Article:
… once-through cooling systems [a type of cooling system for steam from turbines or generators] can have devastating impacts on aquatic ecosystems.

As water is drawn into the plant, fish, fish eggs and other aquatic life can be injured or killed in the process.

In addition, when the cooling water is put back into the water body from which it came, it is typically warmer than when it was withdrawn, potentially damaging aquatic life through “thermal pollution.”

In fact, the main source of thermal pollution in rivers is cooling water from power plants. … This will become increasingly problematic as average air and water temperatures make record breaking increases every year due to climate change.

More power to run air conditioners and HVAC systems will be required, which means more cooling water will be necessary.

That cooling water will be harder to cool because of higher air temperatures and the water it will be returned to will be warmer, causing even more aquatic damage.

– watercalculator.org

 

Specific animal species that can be impacted by wind and solar energy production equipment are eagles, condors, seabirds, other types of birds, bats, desert animals like desert tortoises, and pollinators

– usgs.gov

 

…renewable sources such as wind, solar, geothermal, biomass, and hydropower also have environmental impacts … [and impact on] wildlife and habitat loss

[onshore wind turbines can impact birds and bats, while offshore wind turbines can impact fish and aquatic/marine species]

[With hydroelectric energy] fish and other organisms can be injured and killed by turbine blades, [as well as aquatic animals being impacted by the way the hydroelectric plant manipulates and changes the water and other variables like algae and nutrients in the water]

– ucsusa.org

 

SO2 causes acid rain, which is harmful to plants and to animals that live in water.

SO2 also worsens respiratory illnesses and heart diseases, particularly in children and the elderly.

Heavy metals such as mercury are hazardous to human and animal health.

– eia.gov

 

reneweconomy.com.au provides a table of different energy production sources and their likelihood of impacting wildlife, and says wind has much lower risk to wildlife than fossil fuel energy sources:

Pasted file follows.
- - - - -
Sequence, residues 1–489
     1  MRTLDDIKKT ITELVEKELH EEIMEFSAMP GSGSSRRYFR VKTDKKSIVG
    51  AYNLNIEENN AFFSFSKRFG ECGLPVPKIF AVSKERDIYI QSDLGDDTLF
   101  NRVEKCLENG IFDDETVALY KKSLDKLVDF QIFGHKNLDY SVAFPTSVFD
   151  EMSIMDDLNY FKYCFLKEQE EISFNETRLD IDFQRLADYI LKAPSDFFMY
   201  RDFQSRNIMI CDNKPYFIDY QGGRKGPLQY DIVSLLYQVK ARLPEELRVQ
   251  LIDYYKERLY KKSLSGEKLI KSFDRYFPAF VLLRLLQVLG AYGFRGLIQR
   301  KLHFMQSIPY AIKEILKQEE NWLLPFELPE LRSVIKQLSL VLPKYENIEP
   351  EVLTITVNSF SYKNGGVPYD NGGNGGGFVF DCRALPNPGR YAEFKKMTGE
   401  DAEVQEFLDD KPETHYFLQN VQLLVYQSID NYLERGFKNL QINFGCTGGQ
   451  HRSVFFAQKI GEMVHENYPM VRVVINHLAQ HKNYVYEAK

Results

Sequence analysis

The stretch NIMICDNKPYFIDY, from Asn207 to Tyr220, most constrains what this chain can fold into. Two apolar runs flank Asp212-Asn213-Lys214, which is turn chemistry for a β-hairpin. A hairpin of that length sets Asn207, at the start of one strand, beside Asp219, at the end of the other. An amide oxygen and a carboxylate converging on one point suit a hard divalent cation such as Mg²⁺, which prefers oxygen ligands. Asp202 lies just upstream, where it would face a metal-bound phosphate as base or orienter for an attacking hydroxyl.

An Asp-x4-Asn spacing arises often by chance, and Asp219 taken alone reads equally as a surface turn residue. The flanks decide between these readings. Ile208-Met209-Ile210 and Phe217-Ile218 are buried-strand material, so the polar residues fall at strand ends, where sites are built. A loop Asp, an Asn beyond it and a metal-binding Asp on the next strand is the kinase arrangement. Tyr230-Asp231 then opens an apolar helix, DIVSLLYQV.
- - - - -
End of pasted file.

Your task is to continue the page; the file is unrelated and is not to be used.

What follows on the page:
replacing all fossil fuel generation with wind turbines world-wide would save roughly 70 MILLION birds’ lives annually.

Wind energy is actually the form of generation with the lowest impact on wildlife

 

Air and water pollution are two leading environmental issues associated with geothermal energy technologies

if [releases of different air and water pollutants are] concentrated, [they] can create localized fish and wildlife kills.

… Geothermal resource development is often highly centralized, so reducing their environmental impacts to an acceptable level is achievable.

– fws.gov

 

Fossil fuel-fired electric power plants … [have] significant impacts on water and habitat and species.

In particular, hydro dams and transmission lines have significant effects on water and biodiversity.

… [you also have to consider the impact coal and fossil fuel mining, and not just combustion, has on wildlife and their habitats]

Coal mining practices in the United States have also included strip mining and removing mountain tops.

Mill tailings are left out bare and have been leached into local rivers and resulted in most or all of the rivers in coal producing areas to run red year round with sulfuric acid that kills all life in the rivers.

… [it’s not only fossil fuel energy production that impact wildlife] … gravity foundations for wind power windmills for example have a large land footprint and can displace habitats

– wikipedia.org

 

A large nuclear power plant may reject waste heat to a natural body of water; this can result in undesirable increase of the water temperature with adverse effect on aquatic life.

Mining of uranium ore can disrupt the environment around the mine. 

– wikipedia.org

 

Marine based energy sources like offshore wind turbines or tidal equipment can have concerns with creating an electromagnetic field that may be harmful to some marine organisms

– wikipedia.org

 

Geothermal energy can be responsible for increased temperature [discharge] when returned to streams or lakes, may have a significant impact on local ecosystems.

– wikipedia.org

 

Potential Impact Of Electricity Generation On Environment

Water & Carbon Footprints

Significant consumption of water (which impacts water scarcity and other fresh water related issues), and significant emissions of GHG and carbon emissions (which impacts climate change and global warming) are two environmental impacts of electricity production – especially thermoelectric plants and fossil fuel plants.

We’ve already written guides about the carbon footprint and water footprint of different energy sources:

Carbon Footprint Of Different Energy & Electricity Production Sources

Water Footprint Of Different Energy & Electricity Production Sources

 

Air Pollution

Can happen as a result of fossil fuel mining, but also from the burning of fossil fuels like coal and natural gas.

Pollutants can include (not including GHGs):

Carbon monoxide (CO)

Sulfur dioxide (SO2)

Nitrogen oxides (NOx)

Particulate matter (PM)

Heavy metals such as mercury

 

Nearly all combustion byproducts have negative effects on the environment and human health:

SO2 causes acid rain, which is harmful to plants and to animals that live in water. SO2 also worsens respiratory illnesses and heart diseases, particularly in children and the elderly.

NOx contribute to ground-level ozone, which irritates and damages the lungs.

PM results in hazy conditions in cites and scenic areas and coupled with ozone, contributes to asthma and chronic bronchitis, especially in children and the elderly. Very small, or fine PM, is also believed to cause emphysema and lung cancer.

Heavy metals such as mercury are hazardous to human and animal health.